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Yankees with a history of early season success

These are the Yankees that tend to play their best baseball early in the season.

MLB: Detroit Tigers at New York Yankees Noah K. Murray-USA TODAY Sports

Every player wants to walk off the spring training fields and jump-start their season the way Didi Gregorius did last year. By the end of April 2018, Gregorius was slashing .327/.421/.735 and was on pace for 58 long balls. Unfortunately, the 2019 Yankees don’t have the luxury of riding another hot start from Gregorius. With a flurry of early injuries, they’re going to need standout performances from a handful of players that have enjoyed success out of the gate in previous seasons. These are the players with a track record of success before the dog days of summer roll around.

Aaron Judge

Judge only has two full MLB seasons under his belt, but hot starts are becoming a trend for the big man. In fact, Judge has hit .301 in the first half throughout his career. That number dips to .227 in 116 second half games. One has to factor in the shoulder and wrist injuries that Judge battled down the stretch the past two seasons, but it’s hard to ignore the damage he’s done in March/April. He carried the Yankees with 10 March/April home runs in 2017, and started red hot once more in 2018 by posting a superb .317/.453/.584 line. With Stanton and Andujar on the injured list, the Yankees are relying heavily on the big man to carry the load, and history shows he might be able able to do just that.

DJ LeMahieu

Yankees fans are becoming familiar with LeMahieu very quickly with the onslaught of injuries, and the early returns have been promising. The Gold Glove winning second baseman has historically seen the ball very well in March and April, as evidenced by his best strikeout and walk rates of any month. According to Baseball Reference, LeMahieu has posted a 9.7% walk rate and 12.9% strikeout rate in 123 March/April games in his career. Compare that to his career averages of 7.4% and 15.2%, respectively, and it conveys the newcomer’s knack for coming out of the gates ready to hit. LeMahieu’s going to have a lot of fans in New York if he can continue to fill in for Andujar at third base and put the ball in play consistently during his first couple months in pinstripes.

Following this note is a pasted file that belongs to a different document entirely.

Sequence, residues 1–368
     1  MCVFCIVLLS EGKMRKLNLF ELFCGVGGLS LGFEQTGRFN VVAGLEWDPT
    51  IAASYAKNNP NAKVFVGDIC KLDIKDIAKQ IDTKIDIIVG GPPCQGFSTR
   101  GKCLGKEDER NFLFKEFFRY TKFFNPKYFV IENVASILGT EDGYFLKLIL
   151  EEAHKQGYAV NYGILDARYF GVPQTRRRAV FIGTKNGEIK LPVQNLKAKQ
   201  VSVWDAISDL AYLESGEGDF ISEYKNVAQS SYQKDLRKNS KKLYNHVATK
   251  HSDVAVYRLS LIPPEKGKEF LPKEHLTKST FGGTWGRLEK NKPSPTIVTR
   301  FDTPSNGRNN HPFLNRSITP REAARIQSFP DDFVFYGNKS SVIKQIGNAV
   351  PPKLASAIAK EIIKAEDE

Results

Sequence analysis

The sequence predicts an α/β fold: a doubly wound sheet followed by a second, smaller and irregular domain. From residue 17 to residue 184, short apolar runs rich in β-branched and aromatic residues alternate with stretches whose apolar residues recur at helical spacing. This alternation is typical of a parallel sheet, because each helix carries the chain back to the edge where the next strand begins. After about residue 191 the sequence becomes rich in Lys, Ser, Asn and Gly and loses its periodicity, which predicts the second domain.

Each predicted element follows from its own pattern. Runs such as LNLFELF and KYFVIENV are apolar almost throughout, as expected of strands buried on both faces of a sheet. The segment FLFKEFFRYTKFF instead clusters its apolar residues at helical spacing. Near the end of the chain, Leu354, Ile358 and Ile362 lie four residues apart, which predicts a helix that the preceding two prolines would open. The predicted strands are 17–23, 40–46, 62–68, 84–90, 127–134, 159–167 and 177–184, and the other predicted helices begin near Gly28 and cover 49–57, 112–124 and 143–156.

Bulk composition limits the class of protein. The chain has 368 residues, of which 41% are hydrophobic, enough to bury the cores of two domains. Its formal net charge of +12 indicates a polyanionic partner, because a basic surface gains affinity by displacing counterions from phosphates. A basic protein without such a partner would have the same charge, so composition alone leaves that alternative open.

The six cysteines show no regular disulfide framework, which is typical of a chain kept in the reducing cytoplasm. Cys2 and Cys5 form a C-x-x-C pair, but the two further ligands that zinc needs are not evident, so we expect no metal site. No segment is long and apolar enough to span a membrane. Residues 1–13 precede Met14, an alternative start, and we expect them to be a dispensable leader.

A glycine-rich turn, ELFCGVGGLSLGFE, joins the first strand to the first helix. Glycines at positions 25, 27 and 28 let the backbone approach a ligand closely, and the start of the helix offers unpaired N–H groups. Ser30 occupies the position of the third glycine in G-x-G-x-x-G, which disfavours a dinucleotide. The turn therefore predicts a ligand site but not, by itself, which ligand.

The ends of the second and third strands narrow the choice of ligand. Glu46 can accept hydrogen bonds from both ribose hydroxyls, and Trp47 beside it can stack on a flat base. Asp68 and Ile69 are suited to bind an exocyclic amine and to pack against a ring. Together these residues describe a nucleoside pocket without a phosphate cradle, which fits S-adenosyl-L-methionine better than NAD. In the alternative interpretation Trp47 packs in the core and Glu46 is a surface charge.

Brett Gardner

Gardner presents a bit of a different story than Judge and LeMahieu. The longest tenured Yankee has relatively modest April numbers, but he’s frequently found a rhythm in May and June. The major difference this season is that a slow start could put Gardner on the bench as more of a fourth outfielder. Fans might be watching an over-the-hill version of Gardner, but sticking with him into May and June could pay dividends. According to Baseball Reference, Gardner’s career OPS jumps from .690 in March/April to .813 in May. One might dismiss this as strictly a reflection of stats accumulated by a young Gardner, but the Yankees outfielder tore the cover off the ball in May 2017 and 2018. In his age 33 and 34 seasons, he slugged .673 and .513, respectively. Don’t put Gardner out to pasture just yet.

Masahiro Tanaka

This comes as no surprise to those who have watched Tanaka thrive in his first two starts of the season. While Tanaka’s Opening Day history is a mixed bag, he has pitched to a 14-4 record with a 3.32 ERA in 26 career March/April starts. Interestingly, Tanaka has both his highest strikeout rate and highest walk rate in March/April. This has been a successful recipe for the veteran right-hander, as opponents bat only .213 against Tanaka in the first month of the season, by far the lowest of any month.

It’s probably an understatement to say the Yankees haven’t gotten off to the start they envisioned, but it’s a long season. They still have some players in the lineup (knock on wood) that have been through the battles and know how quickly things can change in the early going.